17 What is Silane? Compressed pyrophoric gas Leaks of silane can oxidize in air without obvious signs of ignition Leaks can also result in flames, with the severity depending on the leak hole size, ventilation and containment “Poppers” can occur when a small amount of silane leaks into space between valve and cap during storage & transit When a silane leak is contained and concentration exceeds 4.5% then delayed ignition and bulk autoignition occurs Silane Safety

18 Silane Incidents Major incidents have occurred during Silane use in the semiconductor industry Release and detonation of gas cabinet Release and detonation of duct Release and fire Explosion of cylinder Reaction of solid by-products Pressure relief device leak Aluminum cylinder rupture Silane Safety

19 PV Industry Silane Explosion, Changsha China, August 2009 During installation of a full 10 kg cylinder into a 2 cylinder gas cabinet, there was a release of silane from the cylinder that was online. Flames impinged directly onto the cylinder from the pigtail. This heated the cylinder for some period of time and it ruptured An immediate evacuation occurred, probably preventing serious injury or fatalities. Silane then ignited and detonated blowing out windows on all sides of the 3 storey 1,000 m2 metal frame building. Metal walls on the process side were blown out. There was no fire afterwards 35 cylinders of silane in the area were knocked over by the blast. Two started to leak. One leak was sealed by facility personnel. The second leak could not be stopped and was placed in a field 1000 m away by the fire department Silane Safety

20 Summary of Mechanical Hazards Physical pinch, crush, entanglement, and cut hazards Exposure to the broken glass Ergonomic, trip and slip hazards Noise LASERS Machine guarding Robotics Soldering Glass handling Mechanical Hazards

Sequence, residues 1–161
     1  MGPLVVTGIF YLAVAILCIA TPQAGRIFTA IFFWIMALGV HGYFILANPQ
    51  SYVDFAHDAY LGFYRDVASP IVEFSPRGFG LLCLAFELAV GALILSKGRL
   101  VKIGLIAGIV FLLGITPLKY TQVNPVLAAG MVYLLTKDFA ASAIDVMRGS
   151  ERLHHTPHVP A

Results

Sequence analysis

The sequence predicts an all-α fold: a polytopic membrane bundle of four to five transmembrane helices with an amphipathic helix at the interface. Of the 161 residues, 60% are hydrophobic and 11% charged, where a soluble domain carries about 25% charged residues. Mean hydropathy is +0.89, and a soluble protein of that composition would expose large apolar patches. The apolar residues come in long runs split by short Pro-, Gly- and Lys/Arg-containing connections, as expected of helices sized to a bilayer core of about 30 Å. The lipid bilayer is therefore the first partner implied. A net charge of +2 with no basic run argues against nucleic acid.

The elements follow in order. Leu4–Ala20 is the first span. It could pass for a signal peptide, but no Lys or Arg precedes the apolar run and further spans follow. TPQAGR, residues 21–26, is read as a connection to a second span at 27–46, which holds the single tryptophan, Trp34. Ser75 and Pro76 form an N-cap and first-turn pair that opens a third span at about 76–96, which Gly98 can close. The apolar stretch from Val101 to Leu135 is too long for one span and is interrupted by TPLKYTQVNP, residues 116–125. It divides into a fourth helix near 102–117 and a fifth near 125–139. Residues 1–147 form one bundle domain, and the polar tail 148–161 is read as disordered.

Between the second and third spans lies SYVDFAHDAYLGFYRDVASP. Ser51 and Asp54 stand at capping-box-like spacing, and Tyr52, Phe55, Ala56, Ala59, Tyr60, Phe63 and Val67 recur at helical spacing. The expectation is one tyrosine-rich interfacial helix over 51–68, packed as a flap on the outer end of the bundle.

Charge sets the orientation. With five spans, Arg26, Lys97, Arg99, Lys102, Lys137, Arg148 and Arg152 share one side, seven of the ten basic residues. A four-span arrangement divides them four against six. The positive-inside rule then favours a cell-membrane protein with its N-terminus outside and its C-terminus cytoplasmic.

21 Summary of Facilities Hazards Facility fitup Building design (materials of construction, exiting, access, etc.) Tool Installation Tool commissioning Management of change Facilities Hazards

22 Summary of Facilities Hazards Bulk specialty gases & distribution Process effluent management Electrical & Arc Flash Use of combustible plastics Waste management Electrical Safety (hazardous voltages, energies) Facilities Hazards

23 Summary of Product Hazards Solar farm fires (frames) Electrical shock potential to emergency responders Products of combustion during fire? Installation hazards End of life product hazards (CaTe hazards) Product Hazards

24 Concerns over PV safety issues PV technology is rapidly evolving, bringing in new materials (or new uses of existing materials) whose EHS characteristics may not be fully known or appreciated. New manufacturing locations are being brought on-line at a rapid pace, sometimes at the expense of best known construction design and tool fit-up and hook-up ESH principles. Industry Responses

25 Concerns over PV safety issues There is no single “platform” for globally sharing technical information, best practices and other resources among those assigned PV EHS responsibilities. Regional EHS laws and standards that address PV EHS concerns are oftentimes not in place or are developing. Regional infrastructure is oftentimes not in place or is developing. Regional geographic conditions preclude the application of EHS best practices. Industry Responses

26 What is SEMI doing to address these safety concerns? Tradeshow workshops Webcasting Partnering with others (SEIA, EPIA, SESHA, etc) Peer knowledge-sharing (Safety Grapevine / SemiNeedle) Technical standards (S2 for PVs) SEMI EHS Division Activities



29 To Join The PV EHS Group: 1.Visit 2.Choose the “Sites” tab 3.Click on “PV EHS” site 4.Select “Request to Join”

30 What can ASSE members do? Actively participate in EHS seminars such as this Consider participating in the SemiNeedle PV EHS Group Understand and apply semiconductor-related EHS guidelines, standards and best known methods (BKM’s) to your operations as appropriate Share BKM’s and lessons learned Obtain outside assistance, if needed, to conduct hazards analysis techniques on materials or processes of concern Develop “Alternate Methods and Materials” when geographic or other conditions preclude application of guidelines, standards or BKM’s Potential ASSE PV Safety Activities

31 Thank You

32 Please contact: Aaron Zude (Senior Director), Sanjay Baliga (Senior Manager), Questions

Download ppt "EHS Division Addressing Safety Concerns in Photovoltaic Manufacturing: A Supply Chain Perspective American Society of Safety Engineers (ASSE) Greater San."

Similar presentations

Ads by Google